Damage caused by untrue criminal allegations

Crime victims receive a lot of sympathy which makes taking on the role of a victim attractive to some people. A desire for compassion is one of several motivations for making false accusations. What attention seekers don’t or won’t consider is the extensive damage false criminal charges cause for Baltimore defendants and an overburdened legal system.

Anyone who has been tied directly or indirectly to an arrest, imprisonment or criminal court appearance knows the legal process is stressful. True and false allegations can generate media attention, which can destroy a defendant’s professional and personal relationships. Made up charges cause real problems for law enforcers, courts, defendants and, ultimately, for the false accusers.

Sympathy isn’t the only reason people lie about crimes. Some false accusations are brought by people with mental health issues, while others make allegations for financial gain, revenge or to provide an alibi for true wrongdoing. Making false adult crime claims is a crime itself.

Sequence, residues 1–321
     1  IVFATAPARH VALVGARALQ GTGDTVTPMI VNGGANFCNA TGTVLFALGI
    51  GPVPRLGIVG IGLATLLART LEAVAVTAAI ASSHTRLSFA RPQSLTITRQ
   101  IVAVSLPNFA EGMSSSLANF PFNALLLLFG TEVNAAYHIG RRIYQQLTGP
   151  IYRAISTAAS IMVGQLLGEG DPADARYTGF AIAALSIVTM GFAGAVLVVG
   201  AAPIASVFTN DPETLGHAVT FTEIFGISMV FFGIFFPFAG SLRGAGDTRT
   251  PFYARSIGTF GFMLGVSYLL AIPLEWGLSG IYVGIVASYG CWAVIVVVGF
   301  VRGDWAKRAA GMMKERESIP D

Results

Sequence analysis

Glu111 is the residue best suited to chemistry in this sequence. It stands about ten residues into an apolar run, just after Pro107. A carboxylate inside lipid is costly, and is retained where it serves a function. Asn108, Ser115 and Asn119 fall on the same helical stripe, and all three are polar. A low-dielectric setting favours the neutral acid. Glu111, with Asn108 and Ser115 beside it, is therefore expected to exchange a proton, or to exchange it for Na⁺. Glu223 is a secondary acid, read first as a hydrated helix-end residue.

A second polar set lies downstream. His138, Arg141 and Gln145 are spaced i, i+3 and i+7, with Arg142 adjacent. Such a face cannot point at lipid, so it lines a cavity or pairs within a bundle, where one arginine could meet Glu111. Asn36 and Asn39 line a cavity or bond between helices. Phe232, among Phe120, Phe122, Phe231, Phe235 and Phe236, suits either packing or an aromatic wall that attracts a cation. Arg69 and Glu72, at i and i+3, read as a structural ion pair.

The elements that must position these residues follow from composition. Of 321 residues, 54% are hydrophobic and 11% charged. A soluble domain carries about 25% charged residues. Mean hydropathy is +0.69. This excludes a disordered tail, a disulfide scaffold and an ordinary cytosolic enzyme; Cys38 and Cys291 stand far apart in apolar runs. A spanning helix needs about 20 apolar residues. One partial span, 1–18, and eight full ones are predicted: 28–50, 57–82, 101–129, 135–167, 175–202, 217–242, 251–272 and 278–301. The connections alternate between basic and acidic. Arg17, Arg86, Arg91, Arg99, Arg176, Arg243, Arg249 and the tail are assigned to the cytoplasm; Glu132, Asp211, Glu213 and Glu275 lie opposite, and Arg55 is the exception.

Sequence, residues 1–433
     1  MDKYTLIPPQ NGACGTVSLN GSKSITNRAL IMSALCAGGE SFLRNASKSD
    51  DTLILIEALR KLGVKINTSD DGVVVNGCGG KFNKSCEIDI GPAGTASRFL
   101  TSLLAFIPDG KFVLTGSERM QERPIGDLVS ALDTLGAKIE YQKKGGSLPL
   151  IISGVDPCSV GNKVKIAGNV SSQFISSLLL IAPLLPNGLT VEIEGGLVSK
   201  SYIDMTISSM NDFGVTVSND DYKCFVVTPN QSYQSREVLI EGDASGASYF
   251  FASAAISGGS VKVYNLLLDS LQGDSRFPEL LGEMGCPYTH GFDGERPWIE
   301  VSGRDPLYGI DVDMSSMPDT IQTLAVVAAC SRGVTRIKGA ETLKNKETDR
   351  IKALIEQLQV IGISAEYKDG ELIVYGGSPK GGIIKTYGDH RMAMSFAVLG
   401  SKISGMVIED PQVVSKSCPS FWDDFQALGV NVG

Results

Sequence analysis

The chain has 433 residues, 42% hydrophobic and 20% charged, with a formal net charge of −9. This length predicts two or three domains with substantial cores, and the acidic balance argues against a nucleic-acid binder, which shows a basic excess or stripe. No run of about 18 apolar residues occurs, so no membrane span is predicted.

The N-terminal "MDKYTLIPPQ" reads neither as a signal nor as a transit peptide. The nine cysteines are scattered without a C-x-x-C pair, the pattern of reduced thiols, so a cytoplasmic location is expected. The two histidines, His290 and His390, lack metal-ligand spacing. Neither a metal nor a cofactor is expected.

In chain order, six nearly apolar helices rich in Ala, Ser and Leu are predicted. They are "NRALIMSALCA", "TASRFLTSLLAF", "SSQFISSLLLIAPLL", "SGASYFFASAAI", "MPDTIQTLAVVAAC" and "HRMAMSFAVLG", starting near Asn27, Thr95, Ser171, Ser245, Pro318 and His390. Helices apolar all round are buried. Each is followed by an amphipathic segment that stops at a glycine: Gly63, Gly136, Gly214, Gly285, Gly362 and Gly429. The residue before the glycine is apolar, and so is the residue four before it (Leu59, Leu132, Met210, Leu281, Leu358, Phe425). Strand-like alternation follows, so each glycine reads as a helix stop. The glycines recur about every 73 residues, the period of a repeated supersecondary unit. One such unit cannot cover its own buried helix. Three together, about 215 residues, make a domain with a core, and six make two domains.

Researchers have studied patterns among people who file bogus allegations, particularly in sexual assault cases. The accusers are, more often than not, females who use the legal system rather than traditional methods to seek attention and help. Females tend to claim they are victims of sexually violent crimes, while males more often make accusations of nonsexual assaults – falsified theft crimes are typically linked to profit motives.

Police officers take criminal allegations seriously. However, authorities like the FBI may conduct secondary, behind-the-scenes behavioral investigations when accusers’ stories and evidence seem dubious. Police investigators are obligated to treat cases as if a crime occurred but sometimes also seek proof of the accuser’s honesty.

A criminal defense attorney can assist officials with the effort to clear a falsely accused defendant’s name. James E. Crawford Jr. & Associates defense lawyers also can dispute thin evidence prosecutors use to try to convict a defendant for a crime he or she did not commit.